Now take a basis ##\vec{b}_k## (##k \in \{1,\ldots,d \}##). Then any vector can be uniquely decomposed in terms of this basis
    $$\vec{x}=x^k \vec{b}_k,$$
    where summation over repeated indices is implied (Einstein summation convention).

    Now since the tensor is a multilinear mapping to know its value for any given set of ##r## vectors, it's sufficient to know the ##d^r## numbers, the components of the tensor with respect to the given basis,
    $$T_{k_1\ldots k_r}=T(\vec{b}_{k_1},\ldots,\vec{b}_{k_r}),$$
    because then obviously
    $$T(\vec{x}_1,\ldots,\vec{x}_r)=T_{k_1 \ldots k_r} x_1^{k_1} \cdots x_r^{k_r}.$$
    That's it.

    As you see the tensor as a mapping is independent of the basis, but the tensor components of course depend on that basis. If you introduce another basis ##\vec{b}_k'## with
    $$\vec{b}_j=\vec{b}_k' {B^k}_j.$$
    Then you have
    $$T_{j_1\ldots j_r}=T(\vec{b}_{j_1},\ldots,\vec{b}_{j_r})={B^{k_1}}_{j_1} \cdots {B^{k_r}}_{j_r} T_{k_1\ldots k_r}'.$$
    A set of components transforming like this are called to transform in the covariant way, i.e., like the basis vectors.

    For the vector components you have
    $$\vec{x}=x^j \vec{b}_j=x^j {B^k}_j b_{k}' \; \Rightarrow \; x^{\prime k}={B^k}_j x^j.$$
    Such components you say to transform in the contravariant way.

    Now this co- and contravariant transformation behaviors of the tensor components (lower indices!) and vector components (upper indices) conspire just such that indeed the value of the tensor given its arguments doesn't change, as it should be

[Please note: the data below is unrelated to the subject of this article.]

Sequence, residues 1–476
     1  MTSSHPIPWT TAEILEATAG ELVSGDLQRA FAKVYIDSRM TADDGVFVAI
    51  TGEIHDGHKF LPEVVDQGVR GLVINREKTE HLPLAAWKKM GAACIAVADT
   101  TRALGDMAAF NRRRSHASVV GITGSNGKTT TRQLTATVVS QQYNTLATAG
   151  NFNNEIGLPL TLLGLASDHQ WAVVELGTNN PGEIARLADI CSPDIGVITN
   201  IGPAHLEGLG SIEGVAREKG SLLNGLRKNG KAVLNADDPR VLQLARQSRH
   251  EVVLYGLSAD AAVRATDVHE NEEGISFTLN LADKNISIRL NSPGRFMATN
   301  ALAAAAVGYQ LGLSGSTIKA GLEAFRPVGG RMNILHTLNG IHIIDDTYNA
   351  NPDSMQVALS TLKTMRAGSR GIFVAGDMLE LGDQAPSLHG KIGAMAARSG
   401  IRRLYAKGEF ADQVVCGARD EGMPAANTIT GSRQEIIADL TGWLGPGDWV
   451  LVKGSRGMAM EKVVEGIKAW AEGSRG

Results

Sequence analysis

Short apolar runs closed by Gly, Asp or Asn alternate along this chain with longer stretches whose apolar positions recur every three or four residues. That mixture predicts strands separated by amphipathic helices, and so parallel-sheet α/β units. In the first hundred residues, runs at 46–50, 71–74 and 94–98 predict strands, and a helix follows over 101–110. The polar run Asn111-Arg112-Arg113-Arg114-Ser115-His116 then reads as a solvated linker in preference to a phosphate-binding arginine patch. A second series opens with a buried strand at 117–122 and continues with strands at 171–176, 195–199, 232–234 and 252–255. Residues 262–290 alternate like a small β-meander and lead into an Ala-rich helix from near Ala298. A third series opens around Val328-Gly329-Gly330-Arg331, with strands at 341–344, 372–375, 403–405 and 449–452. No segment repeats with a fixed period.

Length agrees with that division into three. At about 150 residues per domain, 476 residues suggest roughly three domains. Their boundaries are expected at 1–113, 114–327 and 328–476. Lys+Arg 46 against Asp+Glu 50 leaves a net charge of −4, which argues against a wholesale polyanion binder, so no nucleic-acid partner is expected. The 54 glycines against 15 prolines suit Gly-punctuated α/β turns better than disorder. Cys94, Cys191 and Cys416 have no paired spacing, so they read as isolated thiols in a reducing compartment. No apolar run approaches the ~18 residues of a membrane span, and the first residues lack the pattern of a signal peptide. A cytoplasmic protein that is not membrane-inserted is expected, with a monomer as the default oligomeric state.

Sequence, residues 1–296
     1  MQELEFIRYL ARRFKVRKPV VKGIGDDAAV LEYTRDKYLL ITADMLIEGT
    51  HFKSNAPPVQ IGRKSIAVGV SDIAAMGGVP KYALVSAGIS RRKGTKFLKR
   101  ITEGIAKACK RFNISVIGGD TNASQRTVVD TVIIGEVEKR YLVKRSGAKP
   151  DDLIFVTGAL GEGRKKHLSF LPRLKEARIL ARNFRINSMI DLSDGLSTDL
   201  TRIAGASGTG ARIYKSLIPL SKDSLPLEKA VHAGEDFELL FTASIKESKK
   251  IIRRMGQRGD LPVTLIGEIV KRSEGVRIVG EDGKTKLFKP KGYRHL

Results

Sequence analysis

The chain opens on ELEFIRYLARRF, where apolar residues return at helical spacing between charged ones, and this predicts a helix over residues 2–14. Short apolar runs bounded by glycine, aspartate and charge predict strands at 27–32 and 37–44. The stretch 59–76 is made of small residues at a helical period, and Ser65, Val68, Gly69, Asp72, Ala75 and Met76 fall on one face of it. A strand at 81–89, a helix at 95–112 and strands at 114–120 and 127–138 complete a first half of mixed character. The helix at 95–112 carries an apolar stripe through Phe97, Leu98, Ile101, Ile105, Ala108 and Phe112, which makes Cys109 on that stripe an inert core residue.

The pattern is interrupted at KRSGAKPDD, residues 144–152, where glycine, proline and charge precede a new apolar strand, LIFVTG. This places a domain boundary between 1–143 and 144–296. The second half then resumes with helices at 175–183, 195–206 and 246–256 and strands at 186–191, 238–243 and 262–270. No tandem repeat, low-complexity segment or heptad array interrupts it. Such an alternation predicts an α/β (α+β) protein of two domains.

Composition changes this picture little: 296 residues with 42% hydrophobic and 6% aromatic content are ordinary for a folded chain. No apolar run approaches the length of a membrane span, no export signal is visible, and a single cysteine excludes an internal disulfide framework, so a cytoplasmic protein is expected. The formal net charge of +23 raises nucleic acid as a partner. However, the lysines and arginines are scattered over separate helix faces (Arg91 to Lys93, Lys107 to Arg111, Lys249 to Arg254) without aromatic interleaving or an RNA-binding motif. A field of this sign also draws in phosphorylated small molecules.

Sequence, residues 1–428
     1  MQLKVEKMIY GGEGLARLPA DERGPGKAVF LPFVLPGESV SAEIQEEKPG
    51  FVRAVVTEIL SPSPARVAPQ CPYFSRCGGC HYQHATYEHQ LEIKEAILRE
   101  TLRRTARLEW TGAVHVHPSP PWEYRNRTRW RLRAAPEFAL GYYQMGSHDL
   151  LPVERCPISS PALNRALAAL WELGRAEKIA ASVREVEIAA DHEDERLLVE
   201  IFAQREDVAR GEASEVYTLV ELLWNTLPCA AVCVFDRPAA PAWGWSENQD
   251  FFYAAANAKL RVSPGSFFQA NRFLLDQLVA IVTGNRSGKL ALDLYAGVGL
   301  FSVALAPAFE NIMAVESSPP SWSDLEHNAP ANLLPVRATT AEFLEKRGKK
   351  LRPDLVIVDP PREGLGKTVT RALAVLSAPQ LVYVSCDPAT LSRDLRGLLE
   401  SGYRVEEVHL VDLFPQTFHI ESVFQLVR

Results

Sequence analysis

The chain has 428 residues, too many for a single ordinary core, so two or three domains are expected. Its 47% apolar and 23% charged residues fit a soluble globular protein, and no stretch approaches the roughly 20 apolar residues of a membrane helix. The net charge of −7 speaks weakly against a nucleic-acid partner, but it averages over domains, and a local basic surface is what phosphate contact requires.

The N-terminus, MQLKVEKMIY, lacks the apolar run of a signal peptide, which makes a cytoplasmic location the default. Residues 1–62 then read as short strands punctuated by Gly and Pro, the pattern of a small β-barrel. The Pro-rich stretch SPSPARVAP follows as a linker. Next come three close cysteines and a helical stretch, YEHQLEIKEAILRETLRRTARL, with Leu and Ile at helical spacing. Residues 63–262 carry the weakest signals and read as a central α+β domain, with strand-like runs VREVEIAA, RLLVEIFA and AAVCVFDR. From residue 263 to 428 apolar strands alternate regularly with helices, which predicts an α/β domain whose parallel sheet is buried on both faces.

$$T(\vec{x}_1,\ldots,\vec{x}_r)=T_{j_1 \cdots j_r} x_1^{j_1}\cdots x_r^{j_r} = T_{k_1 \cdots k_r} '{B^{k_1}}_{j_1} \cdots {B^{k_r}}_{j_r} x_1^{j_1}\cdots x_r^{j_r} = T_{k_1 \cdots k_r}' x_1^{\prime k_1} \cdots x_r^{\prime k_r}.$$

    That's how far you an get without introducing more ideas. The next logical step is to introduce covectors as the tensors of rank 1, which form also a ##d## dimensional vector space. Then you can define the dual basis of the covector space to a given basis of the vector space, and contravariant tensor components.

    Then there's a special class of vector spaces where you have defined some non-degenerate bilinear form. Examples are the Euclidean space, where you have a positive definite bilinear form or Minkowski space, where you have an indefinite bilinear form of signature (1,3). Then you can define a canonical (i.e., basis independent) mapping between vectors and co vectors and so on.
     
  8. Apr 18, 2016 #7
    Summing over an index reduces the rank of the tensor, so summing over two indices gives a rank 0 or scaler.